• Make sure the water pressure in the home is set to the softener’s requirements.

  • Clean the drain tubing, control valve, and brine injector.

Too much water reduces brine salinity, which prevents the softener from recharging and operating properly. Drain the tank by hand and clean it afterward. The brine tank should fill up no higher than 10″ to 12″.

Keeps Running Constantly

A water softener that keeps running constantly may be stuck in regeneration mode or won't stop cycling if the system cannot draw brine from the tank.

  • Typically caused by a salt bridge or clogged line in the drain, valve, or injector.

  • Low water pressure in the house can also cause the system to stick in regeneration mode.

  • A broken circuit switch or the wrong settings that control the regeneration cycle could be causing it to run continuously.

No Water / Not Enough Water

A healthy functioning brine tank doesn't fill up to the top with water. However, if no water flows into the brine tank, the softener may stop producing soft water completely.

Clean all the components in the brine well and possibly replace a broken float switch. Then, make sure the brine line and valves are unclogged.

Discolored or Brown Water

  • Discolored or brown water in the tank after regeneration is typically caused by iron and manganese building up and fouling the resin.

  • Brown water can also be caused by rusty eroding pipes or sediment build-up in the brine tank.

  • Tannins from well water may cause yellow and brown colored water.


Cracked tanks, loose water line connections, or worn rotor valve seals can cause water softener leaks. If the unit is new, the leaking was caused by improper installation. To fix, inspect and replace any components that are cracked, leaking, or damaged.

Not Using Salt / Salt Bridge

If the water softener is not using any salt or the salt level is not going down, a salt bridge crust has formed at the bottom of the tank.

  • Salt bridges prevent salt from dissolving in the water to form brine.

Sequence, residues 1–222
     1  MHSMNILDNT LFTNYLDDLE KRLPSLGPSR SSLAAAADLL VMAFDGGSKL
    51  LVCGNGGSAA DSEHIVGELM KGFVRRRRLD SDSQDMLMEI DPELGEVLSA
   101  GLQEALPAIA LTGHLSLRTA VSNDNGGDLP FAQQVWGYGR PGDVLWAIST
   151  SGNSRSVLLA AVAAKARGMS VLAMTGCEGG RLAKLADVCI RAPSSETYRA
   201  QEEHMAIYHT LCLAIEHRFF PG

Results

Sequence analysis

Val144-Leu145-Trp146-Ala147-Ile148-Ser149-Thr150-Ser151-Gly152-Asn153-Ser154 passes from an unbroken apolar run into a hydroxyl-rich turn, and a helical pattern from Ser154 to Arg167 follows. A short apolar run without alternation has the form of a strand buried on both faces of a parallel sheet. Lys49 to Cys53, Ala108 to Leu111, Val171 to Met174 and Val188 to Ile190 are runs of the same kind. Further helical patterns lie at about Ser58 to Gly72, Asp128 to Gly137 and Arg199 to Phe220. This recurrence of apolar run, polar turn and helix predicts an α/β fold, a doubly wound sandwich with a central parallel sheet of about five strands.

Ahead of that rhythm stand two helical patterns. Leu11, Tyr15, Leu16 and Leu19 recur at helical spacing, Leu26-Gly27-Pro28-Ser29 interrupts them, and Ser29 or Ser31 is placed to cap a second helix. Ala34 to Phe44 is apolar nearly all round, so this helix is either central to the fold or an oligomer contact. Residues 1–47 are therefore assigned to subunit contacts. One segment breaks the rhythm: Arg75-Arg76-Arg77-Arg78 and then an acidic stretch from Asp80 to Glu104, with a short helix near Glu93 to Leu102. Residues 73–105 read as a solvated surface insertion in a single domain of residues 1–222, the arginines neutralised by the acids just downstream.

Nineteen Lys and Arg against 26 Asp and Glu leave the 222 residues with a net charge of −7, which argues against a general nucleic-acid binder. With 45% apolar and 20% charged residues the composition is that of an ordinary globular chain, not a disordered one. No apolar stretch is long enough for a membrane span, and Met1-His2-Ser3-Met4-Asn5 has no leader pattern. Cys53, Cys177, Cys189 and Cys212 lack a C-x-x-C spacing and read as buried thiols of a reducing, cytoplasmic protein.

• Without brine regenerating the resin beads, the water will not be softened.

Water softener salt bridge
Water softener salt bridge

To check for a salt bridge, push a broom handle down to the bottom of the salt tank. If the handle hits hard crust before reaching the bottom, a salt bridge has formed. Break up the salt bridge with the broom handle and start a manual regeneration cycle.

Salt Mushing

Salt mushing in a water softener occurs when salt congeals into a thick layer of sludge at the bottom of the brine tank. Mushing blocks the water intake valve causing the brine tank to overflow with each regeneration cycle. A salt mush reduces the salinity of the brine, causing hard water.

Mush is typically from the incorrect type of salt being used. To fix mushing, empty all loose salt by using a broom handle to break up the mush, clear the valve, clean the brine tank, and replace it with a higher purity of salt.

Water Tastes Salty / Using A Lot of Salt

If water softener water tastes salty or leaves a white residue, the softener uses too much salt when regenerating. Check the salt settings to prevent salty water. Otherwise:

  • A pinched or clogged drain hose prevents brine water from being flushed from the resin tank during regeneration. Either clean or replace the hose.

  • A damaged rotor valve or leaking seals may need replacing if it won't direct water properly and causes salty output.

Causing Low Water Pressure

A water softener causes low water pressure for one or more of the following reasons:

  • Resin Bed – The resin bed is either damaged, contaminated, or clogged, causing a loss in pressure. Exposure to chlorine causes the resin beads to turn to a mushy gel and prevent water from passing through the media.

  • Resin Clogs – Resin beads damaged by chlorine, sediment, algae, and bacteria can flow into pipes, clog faucets and showers, thus lowering pressure.

  • Iron and Sediment – High levels of iron and sediment can clog the resin media and tank, blocking water from flowing. Scaling of sediment build-up from hard water accumulates inside of plumbing pipes, which restricts water flow and pressure. A sediment pre-filter may also be clogged.

  • Incorrect System Sizing – A system with too small of a softening capacity or flow rate reduces the water pressure and bleeds hard water. The only solution is purchasing an appropriate size softener.